Where I was born, every boy was supposed to become an athlete. This was terribly unfair to the few of us who weren’t equipped for the task.  But there was no begging off. It was unthinkable to face your father and say, “Look, Dad, I’m really more of the bookish type.”  No, you had to play ball. And to do that, you had to have the balls to play ball—a department in which I was sorely lacking.  Still I tried.

I tried little league baseball which amped up my prayer life, as I would stand be-gloved and bewildered in right field, mumbling, “Please, God, don’t let him hit it to me.” Or bat-gripping and sweat-dripping at home plate, praying, “Please, God, don’t let him hit me.”

I tried YMCA football where the coach—a father fueled by lingering frustration that he didn’t get the football scholarship to Bama he truly deserved—pointed at me and said, “You’re chubby. You’re an offensive guard.” He taught me the three-point stance and put me next to the ball-snapper where my prayer life continued.  I got in the first four downs of the first game and was benched the rest of the season. (God is good!)

I noticed, however, that there were other, lesser balls in play. The basketball, for example, but this involved too much running. The tennis ball (ditto). The golf ball—too outdoorsy. (I was an indoor enthusiast.)

Then, one Saturday morning after the cartoons had finished, I stumbled on an amazing TV show: Professional Bowlers Tour.  I watched the greats—Dick Weber, Don Carter, and others—battle it out on the lanes.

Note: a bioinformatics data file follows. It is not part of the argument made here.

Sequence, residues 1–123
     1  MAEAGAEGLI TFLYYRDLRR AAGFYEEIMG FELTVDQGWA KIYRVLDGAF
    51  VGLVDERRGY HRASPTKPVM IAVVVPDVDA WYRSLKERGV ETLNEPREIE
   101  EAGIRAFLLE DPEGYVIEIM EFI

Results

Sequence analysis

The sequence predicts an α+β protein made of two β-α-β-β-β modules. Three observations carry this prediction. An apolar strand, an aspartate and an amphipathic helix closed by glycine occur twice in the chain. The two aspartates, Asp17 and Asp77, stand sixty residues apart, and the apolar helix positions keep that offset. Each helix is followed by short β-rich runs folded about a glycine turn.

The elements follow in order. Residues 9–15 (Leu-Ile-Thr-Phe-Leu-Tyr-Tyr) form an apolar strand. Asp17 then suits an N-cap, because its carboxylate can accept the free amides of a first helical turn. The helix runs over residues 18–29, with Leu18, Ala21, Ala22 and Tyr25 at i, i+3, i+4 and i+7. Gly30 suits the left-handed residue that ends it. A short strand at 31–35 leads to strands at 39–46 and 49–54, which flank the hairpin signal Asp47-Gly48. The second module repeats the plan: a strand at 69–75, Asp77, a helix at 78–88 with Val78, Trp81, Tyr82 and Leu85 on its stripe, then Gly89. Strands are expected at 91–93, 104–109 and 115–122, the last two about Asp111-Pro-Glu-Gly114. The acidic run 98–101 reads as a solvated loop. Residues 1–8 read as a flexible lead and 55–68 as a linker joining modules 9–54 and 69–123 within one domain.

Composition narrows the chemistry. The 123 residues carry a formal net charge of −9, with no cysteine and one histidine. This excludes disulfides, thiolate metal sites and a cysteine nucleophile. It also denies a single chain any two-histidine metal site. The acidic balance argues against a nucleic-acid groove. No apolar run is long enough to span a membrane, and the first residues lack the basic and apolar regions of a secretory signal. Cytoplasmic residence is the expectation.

Geez, here was the sport for me! No running. No outdoors. No human suffering. Not long after, I found myself for the first time standing about 65 feet from a triangle of white bowling pins, my feet stuffed into size 7 red-and-green bowling shoes, my trembling hands cradling something like a ten-pound cannonball.

My first foray wasn’t pretty.  My ball, like a sleepy wino, kept falling into the gutters. My prayer life gave way to cursing. But, thank God, the bowling alley was loaded with balls. I hunted the racks and found a much lighter and more sober ball—one I could keep from the gutters.

Turning to my dad who was watching from the seats behind me, I exclaimed, “This is the perfect ball!”

“Yeah, it’s a woman’s ball,” he replied.

Which embarrassed me for a few seconds until I said to myself (silently, of course), “Who gives a shit?”